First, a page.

A website redesign is a great way to improve the appearance of your website and keep your online presence in line with rapidly evolving web technology. The capabilities of web design have come a long way even over the past couple of years, so it’s no wonder businesses want their websites to look fresh and modern to keep up with the latest trends and impress their users.

However, a website redesign can have its pitfalls, particularly when it comes to SEO. It can be tempting to get caught up in a stunning visual design without considering the problems that can easily arise behind the scenes.

Depending on whether you’re planning incremental design changes or a full website redesign, factors such as the architecture and speed of your website play a pivotal part in your SEO performance. They should, therefore, be considered when it comes to making any changes.

If done well, you could benefit from enhanced SEO performance, increased conversion rates, and a better user experience. Done badly, and you could see your SEO efforts go to waste.

To deliver a great website to both your users and search engines, the following considerations should be taken for an SEO-conscious website redesign.

Understand your current SEO performance & set benchmarks

Consider this – what are you hoping to accomplish with your website redesign?

Understanding what your desired outcome is of changing your website appearance forms the foundation of your redesign process. If you’ve found yourself on this article, the likelihood is that SEO is something you might consider to be important. Therefore, understanding your current website SEO performance and setting benchmarks is going to be pivotal when it comes to making changes.

How is your website performing from an SEO standpoint?

In most cases, the first question you need to be asking is what your current SEO performance looks like. When you come to make any sort of changes, knowing where you currently sit will help you measure and control the impact of your work.

Ask yourself:

  • What content is currently ranking or performing well that I’d like to retain? What are the keywords?
  • Are there poorly performing areas of the website that are providing no value and can be cleaned up or removed?
  • Is there any content I’d like to see perform better after I launch my new design? Are there keywords I’d like to see improvements for?

Once you’ve started to answer these questions, you can begin to form a checklist of key considerations and benchmarks that will help guide your redesign process. For example, exercising caution when it comes to redesigning high-performing content areas that you do not want to risk damaging when making any changes.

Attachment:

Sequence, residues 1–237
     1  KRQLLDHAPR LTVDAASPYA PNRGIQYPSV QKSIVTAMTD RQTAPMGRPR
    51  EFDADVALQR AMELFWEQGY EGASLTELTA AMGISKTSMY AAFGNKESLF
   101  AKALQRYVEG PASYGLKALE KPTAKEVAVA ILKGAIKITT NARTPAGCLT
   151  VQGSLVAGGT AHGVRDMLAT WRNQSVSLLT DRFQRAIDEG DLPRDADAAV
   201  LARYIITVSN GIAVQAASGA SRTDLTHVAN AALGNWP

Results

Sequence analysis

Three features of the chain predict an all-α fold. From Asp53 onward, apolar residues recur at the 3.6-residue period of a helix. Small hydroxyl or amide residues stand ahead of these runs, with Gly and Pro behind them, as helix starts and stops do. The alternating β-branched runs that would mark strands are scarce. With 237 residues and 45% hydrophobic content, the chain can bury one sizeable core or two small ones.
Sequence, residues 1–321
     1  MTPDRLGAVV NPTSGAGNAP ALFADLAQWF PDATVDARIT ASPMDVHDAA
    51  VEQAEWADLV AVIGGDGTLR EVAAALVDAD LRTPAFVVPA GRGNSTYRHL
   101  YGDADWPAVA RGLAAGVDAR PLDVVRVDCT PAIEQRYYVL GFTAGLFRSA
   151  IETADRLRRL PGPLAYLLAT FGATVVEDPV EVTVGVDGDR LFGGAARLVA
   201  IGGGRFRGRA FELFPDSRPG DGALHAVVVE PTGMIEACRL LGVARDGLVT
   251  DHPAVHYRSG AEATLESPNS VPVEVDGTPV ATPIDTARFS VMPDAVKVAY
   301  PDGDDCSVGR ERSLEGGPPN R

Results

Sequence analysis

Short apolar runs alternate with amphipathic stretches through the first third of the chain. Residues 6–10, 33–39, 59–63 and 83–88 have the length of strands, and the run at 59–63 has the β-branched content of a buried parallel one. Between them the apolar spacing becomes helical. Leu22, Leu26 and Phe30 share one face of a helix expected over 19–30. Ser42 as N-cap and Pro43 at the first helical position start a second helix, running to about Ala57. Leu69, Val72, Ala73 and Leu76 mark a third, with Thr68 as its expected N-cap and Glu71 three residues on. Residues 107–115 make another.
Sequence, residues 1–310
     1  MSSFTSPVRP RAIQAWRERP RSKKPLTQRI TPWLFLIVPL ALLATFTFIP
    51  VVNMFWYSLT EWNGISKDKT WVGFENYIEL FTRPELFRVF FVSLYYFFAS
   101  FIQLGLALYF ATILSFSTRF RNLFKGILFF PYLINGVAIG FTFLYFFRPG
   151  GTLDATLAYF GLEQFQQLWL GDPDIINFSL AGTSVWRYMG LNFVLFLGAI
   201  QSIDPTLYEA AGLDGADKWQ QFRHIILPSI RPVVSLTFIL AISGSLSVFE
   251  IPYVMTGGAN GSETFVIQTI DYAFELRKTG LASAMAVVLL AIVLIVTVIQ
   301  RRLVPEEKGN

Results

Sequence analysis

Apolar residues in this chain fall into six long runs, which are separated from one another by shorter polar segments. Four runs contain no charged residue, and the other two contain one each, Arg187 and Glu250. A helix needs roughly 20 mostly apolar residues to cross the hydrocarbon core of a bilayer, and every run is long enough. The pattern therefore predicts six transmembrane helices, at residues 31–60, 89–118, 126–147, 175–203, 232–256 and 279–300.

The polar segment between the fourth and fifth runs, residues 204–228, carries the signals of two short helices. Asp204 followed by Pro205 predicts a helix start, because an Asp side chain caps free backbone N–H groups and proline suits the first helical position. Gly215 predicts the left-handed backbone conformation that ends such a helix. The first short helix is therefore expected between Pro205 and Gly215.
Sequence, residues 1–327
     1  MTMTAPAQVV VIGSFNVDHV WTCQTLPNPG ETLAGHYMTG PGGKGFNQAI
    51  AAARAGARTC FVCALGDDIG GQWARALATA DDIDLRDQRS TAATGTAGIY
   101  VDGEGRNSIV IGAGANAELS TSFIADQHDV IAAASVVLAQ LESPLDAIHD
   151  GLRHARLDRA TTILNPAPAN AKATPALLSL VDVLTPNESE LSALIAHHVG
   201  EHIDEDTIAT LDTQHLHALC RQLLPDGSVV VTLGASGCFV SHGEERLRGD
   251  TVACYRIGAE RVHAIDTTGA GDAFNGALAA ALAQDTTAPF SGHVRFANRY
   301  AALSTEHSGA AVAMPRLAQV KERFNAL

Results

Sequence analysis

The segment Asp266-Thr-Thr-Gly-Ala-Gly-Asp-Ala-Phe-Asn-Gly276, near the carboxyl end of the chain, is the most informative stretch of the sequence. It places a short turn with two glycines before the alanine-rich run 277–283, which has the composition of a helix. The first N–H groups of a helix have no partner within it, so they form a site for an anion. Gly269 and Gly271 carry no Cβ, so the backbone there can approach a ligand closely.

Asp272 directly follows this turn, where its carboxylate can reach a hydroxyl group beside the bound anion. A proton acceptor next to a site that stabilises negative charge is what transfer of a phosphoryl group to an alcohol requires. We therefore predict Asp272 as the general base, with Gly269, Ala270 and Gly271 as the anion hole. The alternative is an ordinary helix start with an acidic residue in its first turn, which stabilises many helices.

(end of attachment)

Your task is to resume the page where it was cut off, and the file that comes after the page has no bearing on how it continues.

Using the tools available to effectively analyse and monitor your SEO performance is vital for success. Free software provided by search engines such as Google and Bing will not only collect data for you but provide valuable insights so you can pinpoint important performance metrics.

To name a few:

Conducting a manual review of search engine results pages can also provide raw and meaningful insight into your search engine rankings.

What is your current website health from an SEO standpoint?

Further to your initial performance evaluation, taking time to evaluate your current technical website health should be your next move.

A website redesign presents a fantastic opportunity to identify areas for technical SEO improvement on your website. Using a website crawler such as ScreamingFrog will allow you to crawl your website for free on up to 500 URLs. However, for larger sites, you’re better off using something with more capacity.

Some common things to look out for:

  • Missing image alt text
  • Broken links both internally and externally
  • Missing or duplicate titles
  • Duplicate content
  • Redirect issues and 404 errors

Factoring potential fixes into your website redesign is a proactive way to help rather than hinder your SEO efforts. 

Take a mobile-first approach to your website redesign

A study in 2020 showed that 68.1% of all global website visits in 2020 came from mobile devices, which is projected to continuously increase. This means a good portion, if not most of your potential users are going to be seeking out and discovering your content on their mobile phones. Looking at the device report in Google Analytics can help you understand how much of your traffic comes from mobile phones and other devices.

Google fully completed its rollout of mobile-first indexing in 2021, meaning that the search engine predominantly uses the mobile version of websites for crawling and indexing content. This means that designing for mobile should be a key component of your website redesign.

A good practice to follow is to create the designs for the mobile version of your website first, before even thinking about desktop. Spend some time researching the guidelines and standards for mobile designs so your templates are optimised for mobile users.

Some key elements to consider are:

  • Responsive content for all viewports 
  • Legible and easy-to-read text 
  • Simple and easy-to-use navigation menus.
  • Intuitive touch target designs 
  • A finger-first approach to interactivity such as scrolling, navigating and clicking
Thumb Zones for Website Design
Source: Net Solutions

Using Merkle’s Mobile-First Index Tool, you can compare your mobile and desktop pages to identify any discrepancies between SEO signals. For example, you can ensure you’re serving the same content to mobile and desktop users. 

Google’s own Mobile Friendly Test can also help you understand if your website meets the mobile benchmarks that many search engines set for usability.

Use a staging website

Making big changes to a live website is never a good idea. In making changes to your customer-facing website, you risk introducing bugs or breaking your code, neither of which are fun for users, search engines, or you (when it comes to fixing them). Therefore, it’s a good idea to use a staging website.

A staging website is essentially a carbon copy of your site that’s completely independent from the live website that your visitors and search engine crawlers see, making it great for experimenting and testing. In using a staging environment, you can carry out any changes before pushing new designs live, catching potential errors and bugs early on and mitigating SEO impact.